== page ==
Advanced Rashi: Rashi makes one additional grammatical comment. The textual phrase city ...it has a wall uses a masculine form of it even though city is a feminine noun. The Bible changed the gender of the word city in order to accomodate the pun since in Hebrew the word for no and the masculine word for it are both pronounced the same. This Rashi stating that grammar can be changed for the sake of a pun is important and seems to have been overlooked by scholars.
The table below presents an aligned extract of verses or verselets in Lv26-01 Both verses/verselets discuss the prohibition of idolatry The alignment justifies the Rashi comment that: There are three distinct prohibitions: (1) Idolatrous worship (2) Idolatrous designation (3) Creation of bowing stones (even to God).
Notice, as is our custom in this email list, how we have brought in comments not physically found in Rashi. We believe Rashi's intent was to mention one of several similar comments on a textual passage and have the teacher fill in the other comments as illustrative of his methods.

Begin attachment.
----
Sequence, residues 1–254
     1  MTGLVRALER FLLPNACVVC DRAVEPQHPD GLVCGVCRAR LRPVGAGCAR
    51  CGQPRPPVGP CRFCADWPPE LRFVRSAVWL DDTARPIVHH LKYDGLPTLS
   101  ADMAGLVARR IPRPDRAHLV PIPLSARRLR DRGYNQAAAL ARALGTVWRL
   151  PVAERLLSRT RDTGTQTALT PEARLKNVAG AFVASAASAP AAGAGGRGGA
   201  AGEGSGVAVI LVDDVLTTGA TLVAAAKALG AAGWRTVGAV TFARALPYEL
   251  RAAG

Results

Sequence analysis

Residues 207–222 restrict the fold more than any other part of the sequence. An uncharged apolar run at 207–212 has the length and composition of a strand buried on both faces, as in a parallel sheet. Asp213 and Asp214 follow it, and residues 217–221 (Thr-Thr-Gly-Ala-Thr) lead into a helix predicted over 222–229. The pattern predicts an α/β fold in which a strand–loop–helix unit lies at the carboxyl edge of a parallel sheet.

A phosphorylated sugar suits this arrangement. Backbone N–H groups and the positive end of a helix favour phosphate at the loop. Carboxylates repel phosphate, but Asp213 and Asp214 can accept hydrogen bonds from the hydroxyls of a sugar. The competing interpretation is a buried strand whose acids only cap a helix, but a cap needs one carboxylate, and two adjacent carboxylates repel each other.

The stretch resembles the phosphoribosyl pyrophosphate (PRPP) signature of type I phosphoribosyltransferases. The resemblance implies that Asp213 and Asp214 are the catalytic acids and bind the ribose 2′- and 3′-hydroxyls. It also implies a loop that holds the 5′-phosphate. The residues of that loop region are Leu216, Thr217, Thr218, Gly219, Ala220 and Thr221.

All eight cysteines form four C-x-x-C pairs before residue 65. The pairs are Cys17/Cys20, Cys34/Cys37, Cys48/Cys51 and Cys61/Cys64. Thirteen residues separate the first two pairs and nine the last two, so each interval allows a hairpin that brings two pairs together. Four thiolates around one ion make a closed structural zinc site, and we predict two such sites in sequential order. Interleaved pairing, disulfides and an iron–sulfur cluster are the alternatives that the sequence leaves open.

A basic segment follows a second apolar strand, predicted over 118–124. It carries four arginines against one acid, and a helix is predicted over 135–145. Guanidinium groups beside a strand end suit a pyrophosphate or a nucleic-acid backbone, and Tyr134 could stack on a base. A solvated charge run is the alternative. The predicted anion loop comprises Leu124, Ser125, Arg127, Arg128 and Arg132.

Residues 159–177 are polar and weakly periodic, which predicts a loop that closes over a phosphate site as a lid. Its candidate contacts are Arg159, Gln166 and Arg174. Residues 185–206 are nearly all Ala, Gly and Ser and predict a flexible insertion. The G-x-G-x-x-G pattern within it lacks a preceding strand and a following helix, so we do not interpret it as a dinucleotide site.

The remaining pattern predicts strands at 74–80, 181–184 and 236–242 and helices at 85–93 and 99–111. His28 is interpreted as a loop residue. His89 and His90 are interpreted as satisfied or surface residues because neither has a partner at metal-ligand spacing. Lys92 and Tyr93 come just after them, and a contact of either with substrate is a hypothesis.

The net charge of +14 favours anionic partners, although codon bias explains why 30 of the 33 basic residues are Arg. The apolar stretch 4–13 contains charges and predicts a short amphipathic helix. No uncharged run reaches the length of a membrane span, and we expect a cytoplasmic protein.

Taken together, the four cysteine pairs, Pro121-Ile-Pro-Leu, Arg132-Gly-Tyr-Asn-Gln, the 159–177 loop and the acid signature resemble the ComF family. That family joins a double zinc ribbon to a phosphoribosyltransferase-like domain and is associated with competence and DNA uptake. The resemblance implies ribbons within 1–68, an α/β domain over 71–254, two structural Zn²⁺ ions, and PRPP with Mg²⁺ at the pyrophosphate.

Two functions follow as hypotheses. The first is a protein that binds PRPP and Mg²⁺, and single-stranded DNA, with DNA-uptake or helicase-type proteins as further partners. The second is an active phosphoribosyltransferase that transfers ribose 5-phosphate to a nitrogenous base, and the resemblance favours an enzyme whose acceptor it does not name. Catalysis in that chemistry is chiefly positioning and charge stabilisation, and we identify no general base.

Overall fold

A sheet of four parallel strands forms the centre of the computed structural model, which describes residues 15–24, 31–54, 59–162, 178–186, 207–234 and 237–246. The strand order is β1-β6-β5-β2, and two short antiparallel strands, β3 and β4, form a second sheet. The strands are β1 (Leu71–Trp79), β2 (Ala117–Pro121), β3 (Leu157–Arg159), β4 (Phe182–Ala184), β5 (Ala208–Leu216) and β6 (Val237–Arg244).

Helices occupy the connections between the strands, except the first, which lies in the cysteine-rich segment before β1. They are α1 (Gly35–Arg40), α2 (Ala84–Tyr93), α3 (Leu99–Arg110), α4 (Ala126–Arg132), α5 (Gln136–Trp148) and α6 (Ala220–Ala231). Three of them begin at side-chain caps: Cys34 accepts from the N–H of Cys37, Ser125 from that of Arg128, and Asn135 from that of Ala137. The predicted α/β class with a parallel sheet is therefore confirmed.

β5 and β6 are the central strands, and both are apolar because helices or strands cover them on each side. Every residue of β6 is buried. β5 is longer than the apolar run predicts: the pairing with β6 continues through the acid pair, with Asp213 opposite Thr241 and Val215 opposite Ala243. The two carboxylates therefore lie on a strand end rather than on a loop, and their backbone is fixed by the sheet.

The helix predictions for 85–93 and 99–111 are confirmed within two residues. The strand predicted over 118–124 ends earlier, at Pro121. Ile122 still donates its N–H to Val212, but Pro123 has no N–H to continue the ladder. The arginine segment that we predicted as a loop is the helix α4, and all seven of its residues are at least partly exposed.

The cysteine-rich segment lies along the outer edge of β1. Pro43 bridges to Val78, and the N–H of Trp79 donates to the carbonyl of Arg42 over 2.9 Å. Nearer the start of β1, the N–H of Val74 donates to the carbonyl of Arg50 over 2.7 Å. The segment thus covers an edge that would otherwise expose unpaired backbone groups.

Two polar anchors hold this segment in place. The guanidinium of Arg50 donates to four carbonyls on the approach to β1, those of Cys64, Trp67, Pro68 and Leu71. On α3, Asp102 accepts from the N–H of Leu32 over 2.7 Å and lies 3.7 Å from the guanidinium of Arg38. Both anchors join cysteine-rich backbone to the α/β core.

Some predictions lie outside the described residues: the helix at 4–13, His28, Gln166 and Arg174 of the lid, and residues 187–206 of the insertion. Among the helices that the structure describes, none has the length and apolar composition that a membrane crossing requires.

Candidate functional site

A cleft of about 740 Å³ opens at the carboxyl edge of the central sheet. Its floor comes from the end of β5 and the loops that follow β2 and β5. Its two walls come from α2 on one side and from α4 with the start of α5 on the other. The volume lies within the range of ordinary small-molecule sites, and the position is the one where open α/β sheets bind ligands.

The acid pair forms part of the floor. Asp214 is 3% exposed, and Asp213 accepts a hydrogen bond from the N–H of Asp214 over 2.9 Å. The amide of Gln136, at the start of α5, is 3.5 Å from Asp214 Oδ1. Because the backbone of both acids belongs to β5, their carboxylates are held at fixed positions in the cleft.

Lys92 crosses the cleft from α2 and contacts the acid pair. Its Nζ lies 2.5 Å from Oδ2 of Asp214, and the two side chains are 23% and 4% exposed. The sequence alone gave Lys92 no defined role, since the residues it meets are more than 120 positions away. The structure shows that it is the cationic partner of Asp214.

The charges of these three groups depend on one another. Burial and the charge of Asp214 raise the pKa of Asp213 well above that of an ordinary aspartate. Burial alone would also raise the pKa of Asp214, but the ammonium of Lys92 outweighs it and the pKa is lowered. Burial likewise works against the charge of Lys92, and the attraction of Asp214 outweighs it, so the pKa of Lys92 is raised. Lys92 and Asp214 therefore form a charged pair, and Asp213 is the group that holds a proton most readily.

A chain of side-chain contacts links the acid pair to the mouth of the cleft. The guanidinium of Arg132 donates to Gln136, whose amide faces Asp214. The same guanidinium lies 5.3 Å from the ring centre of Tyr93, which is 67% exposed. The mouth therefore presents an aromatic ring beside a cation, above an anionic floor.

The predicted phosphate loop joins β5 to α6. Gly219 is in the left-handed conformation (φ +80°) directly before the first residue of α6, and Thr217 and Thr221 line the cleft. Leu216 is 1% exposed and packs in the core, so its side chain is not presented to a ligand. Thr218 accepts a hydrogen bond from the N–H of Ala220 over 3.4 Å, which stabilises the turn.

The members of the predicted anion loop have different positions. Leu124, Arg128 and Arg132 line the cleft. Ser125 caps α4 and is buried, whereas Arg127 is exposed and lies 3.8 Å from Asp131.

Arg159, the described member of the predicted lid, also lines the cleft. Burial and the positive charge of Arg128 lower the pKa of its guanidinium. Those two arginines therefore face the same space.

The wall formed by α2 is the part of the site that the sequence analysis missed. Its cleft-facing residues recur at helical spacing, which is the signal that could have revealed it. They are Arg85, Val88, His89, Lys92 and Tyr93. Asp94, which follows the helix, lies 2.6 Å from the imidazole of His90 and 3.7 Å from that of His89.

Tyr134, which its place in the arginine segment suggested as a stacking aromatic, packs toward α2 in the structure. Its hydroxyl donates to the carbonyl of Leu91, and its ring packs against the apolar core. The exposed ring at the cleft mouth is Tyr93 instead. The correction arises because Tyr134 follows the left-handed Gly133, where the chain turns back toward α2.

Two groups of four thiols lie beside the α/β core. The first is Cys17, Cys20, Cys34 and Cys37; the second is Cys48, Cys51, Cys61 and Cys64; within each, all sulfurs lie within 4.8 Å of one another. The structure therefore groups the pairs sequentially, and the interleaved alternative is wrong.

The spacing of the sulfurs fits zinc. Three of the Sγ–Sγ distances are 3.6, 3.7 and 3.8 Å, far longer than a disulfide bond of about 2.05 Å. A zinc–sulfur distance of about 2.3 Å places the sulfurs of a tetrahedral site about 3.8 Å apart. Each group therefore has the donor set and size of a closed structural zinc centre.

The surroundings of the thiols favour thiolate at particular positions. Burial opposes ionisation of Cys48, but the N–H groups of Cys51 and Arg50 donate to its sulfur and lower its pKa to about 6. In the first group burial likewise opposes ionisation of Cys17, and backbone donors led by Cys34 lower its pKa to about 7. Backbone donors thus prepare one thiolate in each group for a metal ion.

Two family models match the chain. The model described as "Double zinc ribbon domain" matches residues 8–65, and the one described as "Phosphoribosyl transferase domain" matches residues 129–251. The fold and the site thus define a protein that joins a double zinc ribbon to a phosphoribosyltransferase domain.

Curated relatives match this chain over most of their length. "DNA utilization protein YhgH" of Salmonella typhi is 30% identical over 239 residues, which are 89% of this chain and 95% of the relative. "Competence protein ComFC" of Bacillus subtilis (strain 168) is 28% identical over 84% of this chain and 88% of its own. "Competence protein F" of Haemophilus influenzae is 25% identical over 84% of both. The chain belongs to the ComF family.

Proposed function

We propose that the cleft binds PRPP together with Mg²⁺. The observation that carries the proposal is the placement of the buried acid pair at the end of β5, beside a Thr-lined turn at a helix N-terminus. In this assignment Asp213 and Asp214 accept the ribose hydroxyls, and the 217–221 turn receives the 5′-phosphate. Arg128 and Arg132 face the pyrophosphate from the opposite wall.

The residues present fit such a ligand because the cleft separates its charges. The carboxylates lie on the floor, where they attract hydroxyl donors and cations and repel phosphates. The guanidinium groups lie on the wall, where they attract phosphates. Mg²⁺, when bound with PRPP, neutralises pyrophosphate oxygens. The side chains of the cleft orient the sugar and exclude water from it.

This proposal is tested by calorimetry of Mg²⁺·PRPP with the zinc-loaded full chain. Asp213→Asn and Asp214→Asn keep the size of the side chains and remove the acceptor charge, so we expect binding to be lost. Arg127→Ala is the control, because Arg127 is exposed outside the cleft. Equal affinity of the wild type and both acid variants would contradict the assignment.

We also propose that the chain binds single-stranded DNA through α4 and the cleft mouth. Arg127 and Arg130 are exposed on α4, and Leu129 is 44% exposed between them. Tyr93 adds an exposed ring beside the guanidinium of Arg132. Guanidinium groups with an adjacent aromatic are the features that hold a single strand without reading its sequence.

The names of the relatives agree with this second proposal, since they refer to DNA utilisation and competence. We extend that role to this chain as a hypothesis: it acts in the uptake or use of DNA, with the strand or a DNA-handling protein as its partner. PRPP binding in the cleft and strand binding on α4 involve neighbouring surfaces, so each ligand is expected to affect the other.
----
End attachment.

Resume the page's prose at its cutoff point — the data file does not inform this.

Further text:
Note: Today's example of the contradiction method is unusual in that the contradiction is between a read and written text. We have explained the read-written method in rule #3, grammar and urge the reader, if (s)he hasn't read it yet, to read it first.
The table below presents presents two contradictory verses. Both verses talk about redemption rights on houses sold in a walled city The underlined words highlight the contradiction. One verse says these redemption rights apply to a walled city while the other verse says these redemption rights apply to a non-walled city. Which is it? Do the laws in question apply to walled or non-walled city. Rashi simply resolves this using the 2 Stages method: (1) The laws apply to houses sold in cities that initially had a wall around it (2) The laws apply even if currently that wall no longer surrounds the city.